TOMRA has set up a showroom dedicated to demonstrations of the TOMRA COM XRT 300/FR sorter at its Test Center in Wedel, Germany. Later in the year, TOMRA will also offer virtual demonstrations for those unable to travel to the Test Center.

COREM, Steinert ore sorting tests present opportunities for Cartier at Chimo gold project

Cartier Resources says ore sorting tests carried out by COREM and Steinert US on mineralised samples from the Chimo Mine property, in Quebec, Canada, have indicated gold grades could increase substantially with the use of the pre-concentration technology.

Gold from Chimo is present in two types of mineralised facies: i) quartz veins with coarse visible gold grains having an affinity for the gravity concentration of gold at the mill and ii) zones of silica-rich mafic rocks associated with non-refractory arsenopyrite having an affinity for the flotation of a concentrate of arsenopyrite for gold recovery at the mill.

To perform the sorting tests, rocks representative of the two mineralised facies, made up of the following six mineralogical facies, were first selected for static recognition of each of the facies by the sensors of the sorter:

  • Gold-bearing quartz veins;
  • Gold-bearing silica;
  • High grade gold-bearing arsenopyrite;
  • Medium grade gold-bearing arsenopyrite;
  • Low grade gold-bearing arsenopyrite; and
  • Mafic waste rock.

The detection sensors of the industrial sorter at COREM in Quebec, Canada, were the RGB camera using the optical properties of reflection, brightness and transparency to locate quartz and silica and the X-ray Transmission sensor using the volumetric property of atomic density to locate arsenopyrite. The two sensors adequately recognised the six mineralogical facies associated with the mineralisation, with dynamic calibration tests of the sorter with the moving conveyor making it possible to sort, one at a time, 2 kg samples of each of the facies, Cartier said.

The results of this first test at COREM showed the first three sorts (on a total of eight sorts) concentrated 99.1% of the gold contained in 44.4% by mass of material mass for a grade of 56.3 g/t Au, representing a percentage increase of 223% in gold content over sorter feed. The reject, representing 0.9% by mass of material, contained only 0.4 g/t Au.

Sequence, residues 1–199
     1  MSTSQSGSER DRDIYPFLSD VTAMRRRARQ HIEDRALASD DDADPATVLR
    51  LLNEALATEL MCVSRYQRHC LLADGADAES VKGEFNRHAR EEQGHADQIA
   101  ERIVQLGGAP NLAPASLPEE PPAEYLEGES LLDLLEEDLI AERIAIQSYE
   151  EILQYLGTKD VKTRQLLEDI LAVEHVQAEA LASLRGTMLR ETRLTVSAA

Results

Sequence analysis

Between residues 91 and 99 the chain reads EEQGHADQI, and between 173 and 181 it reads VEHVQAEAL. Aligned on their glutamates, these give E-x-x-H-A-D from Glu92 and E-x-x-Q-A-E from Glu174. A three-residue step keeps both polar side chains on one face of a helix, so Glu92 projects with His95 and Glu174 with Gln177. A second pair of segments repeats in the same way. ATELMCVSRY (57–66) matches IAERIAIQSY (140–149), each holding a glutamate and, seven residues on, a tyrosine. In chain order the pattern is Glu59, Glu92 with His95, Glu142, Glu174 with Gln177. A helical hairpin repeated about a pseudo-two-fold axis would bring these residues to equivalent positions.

The sorter was then ready to perform sorting tests on the 105.7 kg production sample, representative of the mineralised facies at an average grade of 2.16 g/t Au. This content was obtained by including 20% by mass of material with zero grade of gold, simulating dilution in the stopes. COREM’s sorting plan separated 53.9% by mass of the material in the form of a preconcentrate at an average grade of 3.68 g/t Au, representing an increase of 170% in the gold grade compared with the sorter feed. The waste disposal, separated from the mineralisation, represented 46.1% by mass of material at an average grade of 0.38 g/t Au.

Sorting tests carried out with Steinert in Kentucky using a Steinert KSS FLI XT machine with XRT, colour, laser, and induction sensors yielded comparable results.

A 80.69 kg production sample, representative of the mineralised facies at an average grade of 2.13 g/t Au, to which 20% by mass of material at zero grade of gold was added mathematically, representing the dilution in the workings, was used for testing. The new calculated diluted grade was 1.55 g/t Au.

Calculation of the results revealed that 51% by mass of the dilute grade material could be separated as a preconcentrate at an average grade of 2.72 g/t Au, representing a 175% increase in gold grade compared with the sorter feed. The waste disposal, which would be separated from the mineralisation, would represent 49% by mass of material at an average grade of 0.36 g/t Au.

Sorting tests with COREM were carried out following these tests to validate that the 20% of dilution material at zero grade of gold, mathematically added, could physically be effectively separated by the sorter, Cartier said.

The sorting tests carried out by both COREM and Steinert US were comparable, with these results providing prospects for increasing the value of the resources with ore sorting technology.

The objective of the industrial sorting of the mineralisation is to increase the grade of the preconcentrated material preceding the milling operations, which allows an increase in the recovery rate at the mill, reduces transport costs to the mill, reduces milling costs, reduces the costs of environmental restoration of mine tailings, and reduces the environmental footprint of mine tailings and, consequently, increases the social acceptability of the mining project, Cartier said.

The most recent resource estimate from Chimo included 6.6 Mt at an average grade of 3.21 g/t Au for a total of 684,000 oz of gold in the indicated category and 15.2 Mt at an average grade of 2.77 g/t Au for a total of 1.36 Moz of gold in the inferred category.

Northern Minerals rare earth pilot plant keeps up thyssenkrupp REC deliveries

Northern Minerals’ Browns Range rare earth pilot plant in Western Australia has continued to churn out more product, with the company set to soon make a shipment of more than 40,000 kg to offtake partner thyssenkrupp Materials Trading GmbH.

The Browns Range pilot plant has now surpassed a new production milestone of 210,000 kg of rare earth carbonate (REC), Northern Minerals said.